Those of us who have spent years arguing in favor of standards based health information exchange (HIE) have just had a few good months. The federal government has asked IT vendors and providers what it can do to advance health information sharing across organizations. This has drawn new attention to “interoperable” health IT systems and the quality and economy of care delivered to Medicare and Medicaid beneficiaries.
In late March, the Office of the National Coordinator for Health IT (ONC) awarded cooperative agreement grants to two non-profit trade groups working to certify and credential electronic health records (EHRs) and health exchange service providers whose products are capable of secure data sharing — that is, of “talking to one another.” (Disclosure: I am the President and CEO of one of these alliances, DirectTrust.) The tone of the conversation has definitely changed.
My sense, though, is that most people still don’t have a firm grasp on the issues. They remain uncertain or confused about what interoperable health information exchange really means to providers and patients, how it can be achieved, the barriers that remain to be overcome, and who is making the decisions about these matters. So this seems like a good time for both an update and a refresher of sorts on the nature of health information exchange, and to explain why this is not a good time to reduce spending on health IT in America.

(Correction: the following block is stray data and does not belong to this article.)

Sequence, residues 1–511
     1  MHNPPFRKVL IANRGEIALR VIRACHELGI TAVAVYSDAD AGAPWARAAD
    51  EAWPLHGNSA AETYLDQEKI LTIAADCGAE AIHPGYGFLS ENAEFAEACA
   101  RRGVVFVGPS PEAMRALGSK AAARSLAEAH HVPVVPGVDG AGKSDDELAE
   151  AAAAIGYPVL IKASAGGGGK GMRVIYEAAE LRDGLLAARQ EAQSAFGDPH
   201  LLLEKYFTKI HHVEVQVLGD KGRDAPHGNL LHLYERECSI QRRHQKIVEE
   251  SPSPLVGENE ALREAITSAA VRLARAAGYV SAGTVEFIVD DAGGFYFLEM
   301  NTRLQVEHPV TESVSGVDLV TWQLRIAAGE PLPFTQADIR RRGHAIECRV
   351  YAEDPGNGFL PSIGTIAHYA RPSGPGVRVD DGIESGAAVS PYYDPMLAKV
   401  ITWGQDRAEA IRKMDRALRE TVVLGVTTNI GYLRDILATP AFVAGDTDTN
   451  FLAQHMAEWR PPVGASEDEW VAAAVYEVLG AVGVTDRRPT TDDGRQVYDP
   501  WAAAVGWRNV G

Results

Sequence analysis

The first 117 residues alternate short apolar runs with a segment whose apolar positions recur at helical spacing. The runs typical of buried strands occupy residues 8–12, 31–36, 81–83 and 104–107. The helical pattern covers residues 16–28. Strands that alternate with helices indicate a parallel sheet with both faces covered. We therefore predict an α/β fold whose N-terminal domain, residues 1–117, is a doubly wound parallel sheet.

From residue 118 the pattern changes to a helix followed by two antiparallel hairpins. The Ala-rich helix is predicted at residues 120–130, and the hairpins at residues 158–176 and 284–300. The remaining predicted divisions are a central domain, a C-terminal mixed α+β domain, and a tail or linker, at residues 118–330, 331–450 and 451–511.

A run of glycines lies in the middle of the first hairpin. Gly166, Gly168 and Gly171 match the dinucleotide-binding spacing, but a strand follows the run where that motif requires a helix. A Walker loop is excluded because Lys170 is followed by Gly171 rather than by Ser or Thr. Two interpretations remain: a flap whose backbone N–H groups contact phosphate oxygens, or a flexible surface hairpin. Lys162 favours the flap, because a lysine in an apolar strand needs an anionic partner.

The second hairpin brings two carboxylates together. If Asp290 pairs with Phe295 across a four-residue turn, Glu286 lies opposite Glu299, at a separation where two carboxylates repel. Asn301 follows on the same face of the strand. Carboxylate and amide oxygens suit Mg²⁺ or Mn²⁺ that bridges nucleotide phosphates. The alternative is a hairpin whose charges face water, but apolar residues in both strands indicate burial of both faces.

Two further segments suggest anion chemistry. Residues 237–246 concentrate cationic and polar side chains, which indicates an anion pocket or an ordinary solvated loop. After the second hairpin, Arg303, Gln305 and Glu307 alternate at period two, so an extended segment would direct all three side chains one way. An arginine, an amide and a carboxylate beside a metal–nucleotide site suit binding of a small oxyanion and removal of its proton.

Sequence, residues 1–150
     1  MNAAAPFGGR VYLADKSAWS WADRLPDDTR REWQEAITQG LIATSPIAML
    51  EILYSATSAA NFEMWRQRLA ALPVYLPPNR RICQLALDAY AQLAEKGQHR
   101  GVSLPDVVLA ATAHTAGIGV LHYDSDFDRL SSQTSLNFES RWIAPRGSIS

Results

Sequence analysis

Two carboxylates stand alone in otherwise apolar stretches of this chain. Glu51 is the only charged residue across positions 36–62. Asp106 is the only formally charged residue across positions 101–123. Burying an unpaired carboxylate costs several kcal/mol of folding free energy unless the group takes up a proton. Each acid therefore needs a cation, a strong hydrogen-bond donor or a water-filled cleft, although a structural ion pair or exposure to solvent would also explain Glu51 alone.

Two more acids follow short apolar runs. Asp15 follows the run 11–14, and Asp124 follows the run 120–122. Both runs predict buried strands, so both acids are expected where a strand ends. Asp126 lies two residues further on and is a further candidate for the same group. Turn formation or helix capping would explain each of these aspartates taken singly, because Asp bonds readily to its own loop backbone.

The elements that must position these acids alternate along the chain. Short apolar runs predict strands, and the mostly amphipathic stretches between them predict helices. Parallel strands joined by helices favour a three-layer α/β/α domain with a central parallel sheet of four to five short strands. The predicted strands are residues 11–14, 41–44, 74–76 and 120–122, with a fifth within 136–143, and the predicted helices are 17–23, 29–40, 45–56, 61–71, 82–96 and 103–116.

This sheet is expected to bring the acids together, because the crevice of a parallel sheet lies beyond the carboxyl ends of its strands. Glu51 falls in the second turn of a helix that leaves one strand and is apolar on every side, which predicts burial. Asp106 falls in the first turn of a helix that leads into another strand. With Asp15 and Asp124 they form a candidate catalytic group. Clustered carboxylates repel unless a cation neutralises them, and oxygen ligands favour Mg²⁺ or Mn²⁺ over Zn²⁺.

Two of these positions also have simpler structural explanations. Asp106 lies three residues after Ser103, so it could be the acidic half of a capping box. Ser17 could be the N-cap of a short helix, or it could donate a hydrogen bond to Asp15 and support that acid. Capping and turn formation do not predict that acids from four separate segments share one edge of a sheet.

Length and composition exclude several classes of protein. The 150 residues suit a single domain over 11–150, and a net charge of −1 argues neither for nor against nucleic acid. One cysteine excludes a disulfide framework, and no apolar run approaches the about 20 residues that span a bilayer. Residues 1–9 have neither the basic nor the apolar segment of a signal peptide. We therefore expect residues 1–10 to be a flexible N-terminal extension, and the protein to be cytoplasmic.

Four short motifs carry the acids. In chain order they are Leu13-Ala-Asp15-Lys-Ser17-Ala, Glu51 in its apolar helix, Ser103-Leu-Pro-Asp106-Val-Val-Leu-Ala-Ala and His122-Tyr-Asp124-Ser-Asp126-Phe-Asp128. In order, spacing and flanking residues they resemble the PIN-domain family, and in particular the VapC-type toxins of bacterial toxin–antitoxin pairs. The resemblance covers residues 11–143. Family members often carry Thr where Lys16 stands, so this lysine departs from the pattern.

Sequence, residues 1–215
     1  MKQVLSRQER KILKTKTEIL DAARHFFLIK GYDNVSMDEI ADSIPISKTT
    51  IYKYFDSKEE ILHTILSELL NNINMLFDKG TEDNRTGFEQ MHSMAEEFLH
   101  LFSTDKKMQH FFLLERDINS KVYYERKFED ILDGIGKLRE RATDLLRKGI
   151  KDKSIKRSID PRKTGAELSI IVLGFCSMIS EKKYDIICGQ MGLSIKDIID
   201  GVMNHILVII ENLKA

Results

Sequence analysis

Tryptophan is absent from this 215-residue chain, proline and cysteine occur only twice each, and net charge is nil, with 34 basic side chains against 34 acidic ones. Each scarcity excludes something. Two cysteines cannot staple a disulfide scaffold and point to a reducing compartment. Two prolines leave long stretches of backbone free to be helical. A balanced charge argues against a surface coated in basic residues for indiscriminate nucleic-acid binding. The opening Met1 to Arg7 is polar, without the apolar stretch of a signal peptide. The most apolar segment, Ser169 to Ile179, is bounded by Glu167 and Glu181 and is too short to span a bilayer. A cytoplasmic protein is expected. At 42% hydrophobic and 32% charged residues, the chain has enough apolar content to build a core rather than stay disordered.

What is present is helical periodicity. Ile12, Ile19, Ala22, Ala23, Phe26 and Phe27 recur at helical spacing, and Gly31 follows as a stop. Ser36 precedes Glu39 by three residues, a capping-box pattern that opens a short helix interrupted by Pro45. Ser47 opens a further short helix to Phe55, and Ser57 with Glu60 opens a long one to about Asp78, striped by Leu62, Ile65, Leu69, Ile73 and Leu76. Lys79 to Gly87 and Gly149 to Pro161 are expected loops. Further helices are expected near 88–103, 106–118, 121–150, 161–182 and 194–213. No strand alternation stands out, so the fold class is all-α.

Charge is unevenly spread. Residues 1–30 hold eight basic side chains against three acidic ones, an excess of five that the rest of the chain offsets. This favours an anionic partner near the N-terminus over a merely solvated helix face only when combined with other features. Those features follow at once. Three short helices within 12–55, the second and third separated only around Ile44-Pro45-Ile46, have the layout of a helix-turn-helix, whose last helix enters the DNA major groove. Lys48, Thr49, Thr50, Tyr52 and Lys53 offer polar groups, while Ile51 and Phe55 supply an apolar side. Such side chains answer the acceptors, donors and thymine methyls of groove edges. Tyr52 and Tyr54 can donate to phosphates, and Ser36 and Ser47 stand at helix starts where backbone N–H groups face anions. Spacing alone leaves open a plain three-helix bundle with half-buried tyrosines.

Let’s start with what is probably the most important thing to understand: we are very, very close to national deployment of a relatively simple standard, known as Direct, that enables secure Internet transport of health information between people, organizations, and software. Direct exchange permits users of any EHR to send and receive messages and files from any users ofany other EHRs, regardless of operating system or vendor. In fact, Direct facilitates secure messaging, with attachments, to and from anyone with Internet access. It makes EHRs interoperable with one another, but also facilitates secure communication with providers and patients using Internet devices of almost any kind.